Sarah Kelly: The Ukrainians say they need more tanks in order to push forward. We're sitting here today, we're speaking from the Berlin Foreign Policy Forum. Germany, a NATO member, is facing criticism for not sending heavier military equipment to Ukraine, including Leopard 2 battle tanks. From your point of view, should Germany provide the tanks to Ukraine now?
NATO Secretary General: So, Germany has provided, and is providing, a lot of essential equipment to Ukraine, with advanced air defence systems and other advanced weapons, and also ammunition and artillery. Other Allies have provided similar types of support. And all Allies have also provided armoured vehicles and also a lot of extremely important different types of support to the Ukrainians. We...
Sarah Kelly: But Mr Secretary General, I would just like to underscore the urgency that we have been hearing, and I'd like to mention a quote for example, from Latvia's Defence Minister, and I'm going to read it out to you now. He says, "If Germany would give to Ukraine proportionately what we have given to Ukraine, this war would be over". Does Germany and other larger EU states need to do more now?
NATO Secretary General: We all need to do more now. And that was the message from the Defence Ministers when they met last week. And we also saw significant new announcements about more supplies. Then we have to realise that, so far, what we have done is to mostly provide supplies or support to Ukraine by depleting our existing stocks. At some stage, we cannot continue to do so. So now we need also to ramp up production. And that was also the other message from the NATO Defence Ministers, was that we now engage directly with the industry to be able to replenish our existing stocks of ammunitions, of capabilities, so we can both uphold our own deterrence and defence, but also continue to provide support to Ukraine.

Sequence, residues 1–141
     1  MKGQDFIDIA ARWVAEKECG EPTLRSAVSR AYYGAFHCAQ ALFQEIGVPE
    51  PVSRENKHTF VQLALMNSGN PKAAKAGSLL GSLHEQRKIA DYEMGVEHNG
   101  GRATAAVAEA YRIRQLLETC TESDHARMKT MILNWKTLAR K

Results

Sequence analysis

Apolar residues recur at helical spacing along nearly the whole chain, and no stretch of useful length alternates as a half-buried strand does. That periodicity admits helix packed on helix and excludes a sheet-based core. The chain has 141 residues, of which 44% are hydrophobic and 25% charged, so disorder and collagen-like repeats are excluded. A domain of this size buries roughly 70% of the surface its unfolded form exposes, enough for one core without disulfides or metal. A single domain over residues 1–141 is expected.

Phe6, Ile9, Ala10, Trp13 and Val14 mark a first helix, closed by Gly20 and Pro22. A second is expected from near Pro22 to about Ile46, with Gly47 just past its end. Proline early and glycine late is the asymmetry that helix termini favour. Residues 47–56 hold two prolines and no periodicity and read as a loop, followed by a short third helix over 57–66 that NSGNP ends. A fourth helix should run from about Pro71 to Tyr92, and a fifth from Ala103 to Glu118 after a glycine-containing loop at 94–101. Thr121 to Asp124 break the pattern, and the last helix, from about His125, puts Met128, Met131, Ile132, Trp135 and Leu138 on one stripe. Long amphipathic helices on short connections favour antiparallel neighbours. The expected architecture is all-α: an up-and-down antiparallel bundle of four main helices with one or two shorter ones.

Sarah Kelly: I want to talk a little bit more about the ramp up of production and the fact of that as a whole right now. But first, Putin says that he will use, and I'm quoting here, "All weapon systems available to defend territory". This is being seen as a thinly veiled nuclear threat. This week, NATO is conducting routine nuclear drills. Russia's annual exercises are usually taking place late in October. How high is your concern right now that the Russian drills could be used to put nuclear weapons on high alert?
NATO Secretary General: We are very closely monitoring what they are doing and we are vigilant and, of course, especially when they now are going to conduct a nuclear exercise. Having said that, the risk of any nuclear attack against Ukraine, or use of nuclear weapons against Ukraine, is low. But of course, the potential impact, the consequence, is so big, so this is a risk we have to take seriously. And we do so by conveying clearly to Russia that there'll be severe consequences for Russia if they use a nuclear weapon in Ukraine. And also reminding Russia that a nuclear war cannot be won and must never be fought, and we of course stay vigilant and monitor closely what they do. So far, we haven't seen any changes in their nuclear posture, in their nuclear readiness, but this is something we constantly monitor and especially when they now conduct a nuclear exercise.